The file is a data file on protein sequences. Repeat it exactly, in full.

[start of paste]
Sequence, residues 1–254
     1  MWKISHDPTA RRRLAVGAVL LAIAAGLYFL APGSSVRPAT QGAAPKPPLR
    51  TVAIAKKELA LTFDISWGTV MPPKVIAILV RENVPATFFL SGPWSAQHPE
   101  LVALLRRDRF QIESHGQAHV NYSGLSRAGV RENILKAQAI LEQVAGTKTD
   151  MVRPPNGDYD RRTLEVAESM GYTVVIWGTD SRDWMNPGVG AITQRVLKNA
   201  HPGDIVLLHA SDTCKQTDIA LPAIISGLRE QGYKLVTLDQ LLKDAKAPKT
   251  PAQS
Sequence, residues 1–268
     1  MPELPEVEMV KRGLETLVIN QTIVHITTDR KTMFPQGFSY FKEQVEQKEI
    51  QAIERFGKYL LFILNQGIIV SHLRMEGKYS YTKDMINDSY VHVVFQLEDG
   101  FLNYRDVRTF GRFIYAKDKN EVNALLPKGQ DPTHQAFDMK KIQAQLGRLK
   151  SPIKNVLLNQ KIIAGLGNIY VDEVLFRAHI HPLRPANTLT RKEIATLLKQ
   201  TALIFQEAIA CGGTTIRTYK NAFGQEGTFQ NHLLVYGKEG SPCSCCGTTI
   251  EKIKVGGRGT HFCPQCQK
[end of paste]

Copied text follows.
Sequence, residues 1–254
     1  MWKISHDPTA RRRLAVGAVL LAIAAGLYFL APGSSVRPAT QGAAPKPPLR
    51  TVAIAKKELA LTFDISWGTV MPPKVIAILV RENVPATFFL SGPWSAQHPE
   101  LVALLRRDRF QIESHGQAHV NYSGLSRAGV RENILKAQAI LEQVAGTKTD
   151  MVRPPNGDYD RRTLEVAESM GYTVVIWGTD SRDWMNPGVG AITQRVLKNA
   201  HPGDIVLLHA SDTCKQTDIA LPAIISGLRE QGYKLVTLDQ LLKDAKAPKT
   251  PAQS
Sequence, residues 1–268
     1  MPELPEVEMV KRGLETLVIN QTIVHITTDR KTMFPQGFSY FKEQVEQKEI
    51  QAIERFGKYL LFILNQGIIV SHLRMEGKYS YTKDMINDSY VHVVFQLEDG
   101  FLNYRDVRTF GRFIYAKDKN EVNALLPKGQ DPTHQAFDMK KIQAQLGRLK
   151  SPIKNVLLNQ KIIAGLGNIY VDEVLFRAHI HPLRPANTLT RKEIATLLKQ
   201  TALIFQEAIA CGGTTIRTYK NAFGQEGTFQ NHLLVYGKEG SPCSCCGTTI
   251  EKIKVGGRGT HFCPQCQK